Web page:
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Table of contents
JFMAMJJASONDseasonalityTrad, Sport and Aid
Long/Lat: 142.385454, -36.896140
- Description:© (willmonks)
(a) Before you leave the car, please try to poo in the toilets at Flat Rock car park; and
(b) if you need to poo while at the crag (which should be rare if you adhere to (a)!), then please walk at least 50m (no, 10m from the base of the crag is NOT ok!) and make sure you bury your poo and paper.
(c) do not burn your paper. Visiting Americans and Euros bringing this practice with them start bushfires all too often - the Australian bush is highly flammable!
It's a shame we have to start with the above, but unfortunately the popularity of this great crag is having some side effects caused by those who are happy to shit in their own nest. Don't stuff it for the rest of us!
Now onto the good news. 'Taipan Wall' is widely considered to be the best single crag in 'Australia', and many climbers consider that it ranks up there amongst the very best crags in the world. It is certainly the most outstanding climbing feature of the Grampians: a 200m long, overhanging wall up to 60 metres high, which positively glows a stunning orange in the evening sunshine. And the wall doesn't only have good looks: the climbs themselves are almost all of incredibly high quality. While a number of climbs unfortunately require a bolt for aid or have a crux move that is grades harder than anything else on the climb, the climbs are nevertheless generally magnificent.
Because of the uniformly excellent quality of the climbing, previous guides have used "Taipan stars", which effectively involved deducting a star from most routes and only giving 3 stars to those particularly sublime routes which push for the mythical 4th star! In a break with that tradition, this guide gives stars wherever they're deserved - and 'Taipan' deserves plenty! To help you work out what is the absolute cream of the crop, look out for the group of "Taipan's Top 5": Daedalus, Cardigan St (pitch 2), 'Feather Boa', 'Serpentine', and 'World Party' (pitch 3). It could have also been a "Top 7" because Mr Joshua and 'The Seventh Pillar' are right up there too.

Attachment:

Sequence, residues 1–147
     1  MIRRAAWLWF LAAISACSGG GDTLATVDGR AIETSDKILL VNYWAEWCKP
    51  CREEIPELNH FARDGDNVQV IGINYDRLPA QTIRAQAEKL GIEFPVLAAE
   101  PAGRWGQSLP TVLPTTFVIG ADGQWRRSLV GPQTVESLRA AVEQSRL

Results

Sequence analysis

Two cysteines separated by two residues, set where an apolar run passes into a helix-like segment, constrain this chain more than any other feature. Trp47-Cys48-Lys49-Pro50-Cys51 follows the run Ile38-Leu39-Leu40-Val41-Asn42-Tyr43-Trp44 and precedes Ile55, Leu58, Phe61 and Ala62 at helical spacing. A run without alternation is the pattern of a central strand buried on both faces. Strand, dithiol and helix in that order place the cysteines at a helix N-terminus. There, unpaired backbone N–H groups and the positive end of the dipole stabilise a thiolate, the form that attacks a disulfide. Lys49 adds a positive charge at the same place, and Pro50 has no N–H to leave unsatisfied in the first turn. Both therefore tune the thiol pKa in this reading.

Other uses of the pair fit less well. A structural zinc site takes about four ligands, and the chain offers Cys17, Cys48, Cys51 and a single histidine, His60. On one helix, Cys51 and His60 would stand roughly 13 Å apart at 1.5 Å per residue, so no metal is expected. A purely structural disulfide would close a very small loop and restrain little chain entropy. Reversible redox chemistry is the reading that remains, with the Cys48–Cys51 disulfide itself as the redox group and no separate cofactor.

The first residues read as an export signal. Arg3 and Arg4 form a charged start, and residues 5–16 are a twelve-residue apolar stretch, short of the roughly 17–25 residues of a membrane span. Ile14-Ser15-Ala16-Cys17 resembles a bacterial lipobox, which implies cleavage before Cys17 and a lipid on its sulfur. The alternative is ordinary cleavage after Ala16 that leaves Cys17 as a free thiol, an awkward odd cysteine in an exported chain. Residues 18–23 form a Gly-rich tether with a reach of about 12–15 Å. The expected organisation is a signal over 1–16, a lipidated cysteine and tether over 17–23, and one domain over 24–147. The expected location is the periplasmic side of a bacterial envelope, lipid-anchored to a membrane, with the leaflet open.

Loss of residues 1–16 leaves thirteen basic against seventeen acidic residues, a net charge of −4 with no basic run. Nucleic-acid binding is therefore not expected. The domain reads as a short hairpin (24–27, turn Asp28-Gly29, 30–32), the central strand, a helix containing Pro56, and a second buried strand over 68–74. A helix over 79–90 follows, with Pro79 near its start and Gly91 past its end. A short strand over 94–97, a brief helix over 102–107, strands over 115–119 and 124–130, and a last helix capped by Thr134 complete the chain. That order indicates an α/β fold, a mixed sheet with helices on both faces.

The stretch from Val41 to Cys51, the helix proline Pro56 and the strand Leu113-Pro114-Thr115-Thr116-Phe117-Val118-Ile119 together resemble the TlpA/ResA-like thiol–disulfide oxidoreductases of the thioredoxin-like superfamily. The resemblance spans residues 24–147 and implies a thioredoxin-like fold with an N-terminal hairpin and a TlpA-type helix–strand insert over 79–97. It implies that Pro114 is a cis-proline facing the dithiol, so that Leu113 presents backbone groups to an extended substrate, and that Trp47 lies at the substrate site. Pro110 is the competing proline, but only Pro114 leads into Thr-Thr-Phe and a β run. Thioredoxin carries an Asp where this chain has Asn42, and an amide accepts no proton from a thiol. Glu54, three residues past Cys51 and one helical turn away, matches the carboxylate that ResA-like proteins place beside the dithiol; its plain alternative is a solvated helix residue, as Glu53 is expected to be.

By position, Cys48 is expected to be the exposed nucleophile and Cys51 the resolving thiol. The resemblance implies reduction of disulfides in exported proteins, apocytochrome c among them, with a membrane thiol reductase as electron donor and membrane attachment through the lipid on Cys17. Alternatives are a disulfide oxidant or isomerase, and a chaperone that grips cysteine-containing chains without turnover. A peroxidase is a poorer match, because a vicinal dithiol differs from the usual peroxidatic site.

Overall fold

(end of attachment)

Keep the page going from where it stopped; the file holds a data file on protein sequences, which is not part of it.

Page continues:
Despite a reputation of being largely inaccessible to moderate climbers, the truth is that if you climb in the low 20s there are many days' worth of truly fantastic climbing to be had. In this regard it is worth remembering that, at times when difficult multi-pitch routes are all a bit too much, many of the hard classics have excellent easier first pitches. In particular, the following pitches are highly recommended, and have rap anchors:
'Sordid Orchids' p1 (** 20m 25);
Seventh Banana p1 (** 20m 23);
~Sirocco p1 (* 20m 21);
'Medusa' p1 (* 40m 25);
~Seventh Pillar LHV (* 45m 23);
Seventh Pillar LHV (short version) (* 28m 22);
~Serpentine p1 (* 35m 24);
Naja p1 (** 30m 27);
'World Party' p1 (* 20m 21);
Mr Joshua p1 (* 30m 25);
~Kaa p1 (20m 23).
(The ~ symbol indicates pitches which must be seconded because they traverse too much to allow rap-cleaning).